I had mused on what a whiskey’d Lapsang would taste like. There was no doubt that I’d enjoy it…but I didn’t know how much. It seemed perfect. Well, the first time I tried it, it almost was. Almost. Something was missing. Then I decided to steep the heck out of it for five minutes. Holy wow…flavor country dialed up to eleven.

Oddly enough, in and around the time I tried it the perfect way, I was gearing up to see The Great Gatsby. Naturally, I had to draw parallels between that flavorful experience and the movie I just watched because…well…science.

You can read that tangent here: http://steepstories.com/2013/05/16/carried-away-by-whiskey-tea/

Preparation
Boiling 5 min, 0 sec
looseTman

Hello, I share your interest in Rare Tea Cellar’s barrel-aged tea, SST’s No. 01 Rogue Whiskey Barrel, and TeaVivre’s Premium Keemun Hao Ya to name a few. Have you also tried Vintage TeaWorks? Recently, I contacted you on your website: http://www.lazyliteratus.com seeking a recommendation. Thank you.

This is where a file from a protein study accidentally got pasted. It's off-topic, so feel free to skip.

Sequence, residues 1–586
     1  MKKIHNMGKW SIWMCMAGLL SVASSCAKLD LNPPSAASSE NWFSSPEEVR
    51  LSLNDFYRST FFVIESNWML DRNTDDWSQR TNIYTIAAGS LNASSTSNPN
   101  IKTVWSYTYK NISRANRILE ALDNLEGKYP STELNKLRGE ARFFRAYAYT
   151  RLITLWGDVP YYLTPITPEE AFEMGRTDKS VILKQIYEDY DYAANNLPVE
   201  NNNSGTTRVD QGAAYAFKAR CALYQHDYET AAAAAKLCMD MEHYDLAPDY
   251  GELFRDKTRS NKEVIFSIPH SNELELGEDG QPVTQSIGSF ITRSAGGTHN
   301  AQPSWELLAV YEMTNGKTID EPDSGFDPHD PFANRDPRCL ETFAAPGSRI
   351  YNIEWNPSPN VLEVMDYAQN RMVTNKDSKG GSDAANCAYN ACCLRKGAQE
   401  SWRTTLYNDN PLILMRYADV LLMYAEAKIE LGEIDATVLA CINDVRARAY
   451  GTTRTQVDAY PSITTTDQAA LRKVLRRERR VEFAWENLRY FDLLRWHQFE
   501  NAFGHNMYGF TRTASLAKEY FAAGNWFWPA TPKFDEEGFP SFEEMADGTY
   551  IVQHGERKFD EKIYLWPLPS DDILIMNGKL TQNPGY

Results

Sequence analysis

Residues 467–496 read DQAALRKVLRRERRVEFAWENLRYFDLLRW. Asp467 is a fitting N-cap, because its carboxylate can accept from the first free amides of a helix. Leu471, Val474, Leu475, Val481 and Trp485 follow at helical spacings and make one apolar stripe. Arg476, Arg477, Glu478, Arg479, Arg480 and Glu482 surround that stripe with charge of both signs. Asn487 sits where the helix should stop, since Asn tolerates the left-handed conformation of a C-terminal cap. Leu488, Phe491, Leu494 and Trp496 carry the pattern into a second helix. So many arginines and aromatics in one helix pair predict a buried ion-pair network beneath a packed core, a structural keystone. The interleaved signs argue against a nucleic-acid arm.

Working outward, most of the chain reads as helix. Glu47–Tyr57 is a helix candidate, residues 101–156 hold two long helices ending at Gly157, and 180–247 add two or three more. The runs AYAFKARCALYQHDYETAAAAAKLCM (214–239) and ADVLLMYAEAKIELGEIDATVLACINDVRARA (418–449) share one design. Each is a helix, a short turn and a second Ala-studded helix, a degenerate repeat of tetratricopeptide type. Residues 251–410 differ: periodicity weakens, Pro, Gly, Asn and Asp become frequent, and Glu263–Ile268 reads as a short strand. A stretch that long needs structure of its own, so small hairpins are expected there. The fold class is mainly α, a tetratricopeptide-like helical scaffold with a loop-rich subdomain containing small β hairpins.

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100

Finally! Finally, finally, FINALLY!

I got to try this. And it was perfect. I have a fetish for Yunnan golds in general….but now I have one for this tea in specific. After nearly two years of people extolling its virtues, it finally made it into my cup. It was honey-ish, malty, floral, and teagasmic in all the right ways. Definitely worth the hype.

Even better was the conversation it invoked. You can find that here: http://steepstories.com/2013/05/09/golden-fleece-feast-fest-a-taste-of-eugene-and-tea-from-neighbors/

Preparation
Boiling 3 min, 0 sec

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96

As if I hadn’t had enough caffeine today, I decided to rip into a bag I received from Rare Tea Cellar – an oak-aged Keemun. I’m a sucker for anything that says “cask-conditioned” or “oak-aged” in the title. Although, that usually applies to beer, not tea.

This is very much a Keemun through-and-though, only a lot bolder. Like Assam bold, only with a bit more seniority. It’s hard to pick up on what the oak barrel contributes, but it is easy to see that this has all the trappings of a semi-aged hong cha. The flavor has a sense of “experienced” to it. Funny thing, too, the wood-sweet aspects of the Keemun are there, but there’s a wildernessy presence as well – usually a trait found in Yunnan blacks.